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Algerian authorities have imposed arbitrary travel bans on at least three activists from the Algerian diaspora, Amnesty International and Human Rights Watch reported today. Although one of the three was finally allowed to leave on May 5, 2022 after it was blocked for three months, the authorities must immediately lift the bans on the other two.

Between January and April, authorities barred at least three Algerian-Canadians, only one of whom was charged, from returning to their homes in Canada and questioning them about their ties to Hirak, a mass protest movement calling for political change. Lazar Zuaymiya, Hajira Belkasem and a third person, who asked not to be named for security reasons, said they had not been informed of any legal grounds for travel restrictions, making them difficult to challenge in court. Travel bans are the latest tactic in dispersing Algerians suspected of criticizing the government or participating in protests.

“It is appalling that the Algerian authorities are preventing activists from returning to their country of residence without even providing a legal basis for this refusal or written justification,” said Amna Guellali, deputy director for Amnesty International’s Middle East and North Africa. “All arbitrary travel bans must be lifted immediately.”

On February 19 and again on April 9, border police prevented 56-year-old Lazar Zuaymia, a member of Amnesty International in Canada who works as a technician in Quebec’s state power plant, from boarding a plane to Montreal.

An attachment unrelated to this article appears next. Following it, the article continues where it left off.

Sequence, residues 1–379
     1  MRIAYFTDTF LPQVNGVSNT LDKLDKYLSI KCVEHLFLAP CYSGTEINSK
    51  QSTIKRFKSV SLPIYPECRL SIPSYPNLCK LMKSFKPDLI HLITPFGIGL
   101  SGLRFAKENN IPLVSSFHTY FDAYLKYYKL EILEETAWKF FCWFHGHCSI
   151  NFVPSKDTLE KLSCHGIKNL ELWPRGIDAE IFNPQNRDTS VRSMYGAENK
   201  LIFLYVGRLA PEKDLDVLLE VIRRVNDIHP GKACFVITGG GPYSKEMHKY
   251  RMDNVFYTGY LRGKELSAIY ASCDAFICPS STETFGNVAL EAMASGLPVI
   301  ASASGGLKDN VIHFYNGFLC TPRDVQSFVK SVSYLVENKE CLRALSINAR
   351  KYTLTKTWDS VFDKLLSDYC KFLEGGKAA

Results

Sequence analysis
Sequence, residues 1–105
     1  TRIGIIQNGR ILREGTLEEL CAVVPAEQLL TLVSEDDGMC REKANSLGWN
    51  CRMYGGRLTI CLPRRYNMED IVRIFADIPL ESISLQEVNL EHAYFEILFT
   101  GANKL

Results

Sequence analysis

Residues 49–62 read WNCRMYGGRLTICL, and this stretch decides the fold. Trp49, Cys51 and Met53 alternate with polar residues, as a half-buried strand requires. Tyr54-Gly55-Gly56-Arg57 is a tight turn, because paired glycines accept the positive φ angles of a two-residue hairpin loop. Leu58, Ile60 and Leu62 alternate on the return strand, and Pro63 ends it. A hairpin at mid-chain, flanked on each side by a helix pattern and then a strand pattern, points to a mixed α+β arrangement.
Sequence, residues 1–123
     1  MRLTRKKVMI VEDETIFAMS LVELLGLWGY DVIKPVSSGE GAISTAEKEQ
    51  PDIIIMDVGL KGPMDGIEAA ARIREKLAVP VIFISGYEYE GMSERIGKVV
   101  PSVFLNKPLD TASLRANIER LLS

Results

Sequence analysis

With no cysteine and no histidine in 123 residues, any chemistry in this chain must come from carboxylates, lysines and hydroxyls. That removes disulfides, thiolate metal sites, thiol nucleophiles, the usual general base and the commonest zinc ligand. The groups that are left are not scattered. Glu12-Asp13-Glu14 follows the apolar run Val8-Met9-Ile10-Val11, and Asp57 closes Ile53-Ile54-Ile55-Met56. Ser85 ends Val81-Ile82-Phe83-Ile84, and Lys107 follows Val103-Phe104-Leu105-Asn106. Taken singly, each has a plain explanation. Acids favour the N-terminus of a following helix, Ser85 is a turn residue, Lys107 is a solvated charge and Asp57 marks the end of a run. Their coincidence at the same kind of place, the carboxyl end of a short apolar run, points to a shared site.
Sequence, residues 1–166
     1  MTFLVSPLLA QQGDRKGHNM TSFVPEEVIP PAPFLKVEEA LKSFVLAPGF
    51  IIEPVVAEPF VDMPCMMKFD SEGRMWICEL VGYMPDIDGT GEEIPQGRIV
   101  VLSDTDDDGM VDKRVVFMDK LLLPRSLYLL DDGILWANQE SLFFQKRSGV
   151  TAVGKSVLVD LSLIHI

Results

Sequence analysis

During the April attempt at Huari Boumediene Airport in Algeria, Zouamia was accompanied by two Canadian embassy officials and his lawyer. An Algerian law enforcement officer took Zuamia aside and kept him in the airport office for hours, then released him. Authorities also banned Zuaymiya from boarding another flight the same day to Barcelona.

Following Zuami’s earlier attempt to leave Algeria in February, a court initially charged him with terrorism and then changed the charge to “damaging the integrity of the national territory,” a vague accusation widely used by the authorities to punish Hirak peace activists. He spent five weeks in custody until a court temporarily released him from trial.

One of Zuaymiya’s lawyers, Abdel Khalim Hayredin, said that the clerk of Constantine’s court, where the criminal case is being conducted, told Hayredin that the court did not impose any restrictions on his client’s departure.

The report on the release of Zuamiya from the General Directorate of Prisons and Rehabilitation, considered by Amnesty International, does not indicate that he is banned from leaving by a court decision.

On April 13, another Zuamiyah’s lawyer filed a request with the Algerian Prosecutor General’s Office to investigate whether another court had imposed a travel ban on him, but as of April 29, he had not received a response.

When Zuamiya tried to leave in February, law enforcement officers in plainclothes detained him at Constantine Airport. A judicial police officer at the airport told Zuaymiya to give away his phone without showing him the prosecutor’s order. Zuamiya gave the officer his phone, which was not password protected.

Police then transferred Zuamiya to military barracks in Constantine. They questioned him about his involvement in Montreal in the Hirak protest movement and his alleged links to the Mare Self-Determination Movement (MAK) and the opposition political movement Rachad. Authorities used widespread allegations of terrorism to criminalize the activities of the two political organizations, declaring them “terrorists.”